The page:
Tuesday brought my favorite part of preparing items for our Ottumwa Life magazine. I got to head over to Heartland Humane Society to get photos for the Adoptable Pets section.

It’s always a bittersweet photo session. I love spending time with the animals — particularly the dogs — and giving them some much-needed love and attention. And, softie that I am, at least one dog tends to win my heart over and tug at me. The temptation to add to our family gets very difficult during these sessions, but it doesn’t stop me from loving my time there.

For those of you who have never spent any time with these animals, you really should. They are so happy to get just a few minutes of care and attention, and it shows in both their body language and personality.

Most of the time, when I enter a dog’s kennel to take some photos, the task proves difficult because they waste no time in coming right up to me, giving kisses, cuddles and more. Some want to play, and others just want affection. But that close range makes it difficult to get a good photo.

Seeing how much love these animals have to give makes me look around with a wish to give them all a home. Unfortunately, that wish is not realistic.

My own dog Stark is a Heartland dog, and I actually came across him while doing photos for Ottumwa Life. I had to go out on a Saturday several years ago to reshoot a photo that didn’t turn out as I had hoped. I dragged Jason along with me. I had been chipping away at my dream of getting a dog for 10 years by that point, and I was almost there. He had promised me that when we no longer had any cats — we had homed up to three at one point — we could get a dog. Well, circumstances of life meant we were down to one cat, our original Felix. She’s an older, indoor/outdoor cat who, at that point, decided to take an extended leave. We thought, with her being older, she had maybe wandered off for good.

So, armed with the promise Jason had made me, I got him to agree to come along. Lo and behold that morning, when Jason got home from his 12-hour shift, Felix was waiting at the door.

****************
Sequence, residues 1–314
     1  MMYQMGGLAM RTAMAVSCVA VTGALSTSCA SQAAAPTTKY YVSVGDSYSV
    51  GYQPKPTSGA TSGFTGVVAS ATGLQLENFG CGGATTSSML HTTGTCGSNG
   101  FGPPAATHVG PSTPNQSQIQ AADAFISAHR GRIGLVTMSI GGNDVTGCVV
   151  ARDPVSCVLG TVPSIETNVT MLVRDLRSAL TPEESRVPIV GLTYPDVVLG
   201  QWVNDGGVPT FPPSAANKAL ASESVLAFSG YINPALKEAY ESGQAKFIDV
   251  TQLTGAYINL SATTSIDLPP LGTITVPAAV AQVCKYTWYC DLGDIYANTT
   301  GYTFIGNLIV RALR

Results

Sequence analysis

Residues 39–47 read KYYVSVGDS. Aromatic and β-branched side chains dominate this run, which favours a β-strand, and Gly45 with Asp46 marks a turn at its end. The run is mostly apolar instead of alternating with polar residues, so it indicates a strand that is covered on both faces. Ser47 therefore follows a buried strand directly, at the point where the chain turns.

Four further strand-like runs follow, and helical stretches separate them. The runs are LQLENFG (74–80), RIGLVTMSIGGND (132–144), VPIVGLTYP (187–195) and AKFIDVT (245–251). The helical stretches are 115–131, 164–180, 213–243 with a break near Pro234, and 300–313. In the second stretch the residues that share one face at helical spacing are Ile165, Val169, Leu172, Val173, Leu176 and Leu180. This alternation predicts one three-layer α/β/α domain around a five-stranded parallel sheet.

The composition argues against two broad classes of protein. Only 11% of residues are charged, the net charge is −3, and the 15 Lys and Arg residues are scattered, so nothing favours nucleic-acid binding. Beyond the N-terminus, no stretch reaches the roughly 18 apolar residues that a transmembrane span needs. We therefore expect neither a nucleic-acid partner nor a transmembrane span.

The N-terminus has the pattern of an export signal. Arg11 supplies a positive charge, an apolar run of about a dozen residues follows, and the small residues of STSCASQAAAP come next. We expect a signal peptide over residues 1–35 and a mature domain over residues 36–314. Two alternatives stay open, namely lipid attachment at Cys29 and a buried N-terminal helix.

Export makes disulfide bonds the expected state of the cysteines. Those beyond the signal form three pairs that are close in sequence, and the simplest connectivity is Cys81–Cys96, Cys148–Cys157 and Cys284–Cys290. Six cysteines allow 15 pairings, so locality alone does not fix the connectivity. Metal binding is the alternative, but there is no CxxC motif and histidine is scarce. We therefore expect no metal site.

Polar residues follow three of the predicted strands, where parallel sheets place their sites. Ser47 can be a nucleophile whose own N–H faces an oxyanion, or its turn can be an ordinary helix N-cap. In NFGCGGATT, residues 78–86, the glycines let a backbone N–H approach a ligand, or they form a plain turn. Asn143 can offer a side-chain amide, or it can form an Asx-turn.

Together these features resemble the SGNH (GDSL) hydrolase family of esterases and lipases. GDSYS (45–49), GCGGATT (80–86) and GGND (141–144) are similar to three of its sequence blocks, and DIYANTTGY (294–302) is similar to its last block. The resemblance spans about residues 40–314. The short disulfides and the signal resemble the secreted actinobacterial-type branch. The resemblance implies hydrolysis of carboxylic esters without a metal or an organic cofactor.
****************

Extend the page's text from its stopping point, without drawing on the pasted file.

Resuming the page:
I held Jason to his promise anyway. By that time, Colin’s hopes for a dog had gotten up as well, and Jason was defenseless. We headed out to reshoot the photo, and that’s when we found Stark.

He was a perfect fit for our family. He was about 3 years old, so he was past the overly energetic stage that takes a lot of training — he was even potty trained! Ever since, he has been an integral part of our family, and it’s hard to imagine our household without him. (Felix, a former stray, is still a part of our family as well.)

Stark has even won Jason completely over. On vacation a couple years ago, he looked over at me with a sad look on his face and said, “I miss the dog.”

That’s why I continue to do these photos. It’s my hope, by putting the faces of these dogs and cats that want nothing more than a safe, loving home, out to the public, it will convince more families to head out the Heartland — or any shelter, really — and find the next member of their family.

Those animals deserve it.

— Features Editor Tracy Goldizen can be reached via email at tgoldizen@ottumwacourier.com or followed on Twitter @CourierTracy.

Tracy Goldizen is the Courier's features and magazine editor, leading production of the award-winning "Ottumwa Life" and the Courier's other magazine offerings. She began work with the Courier on the copy desk.

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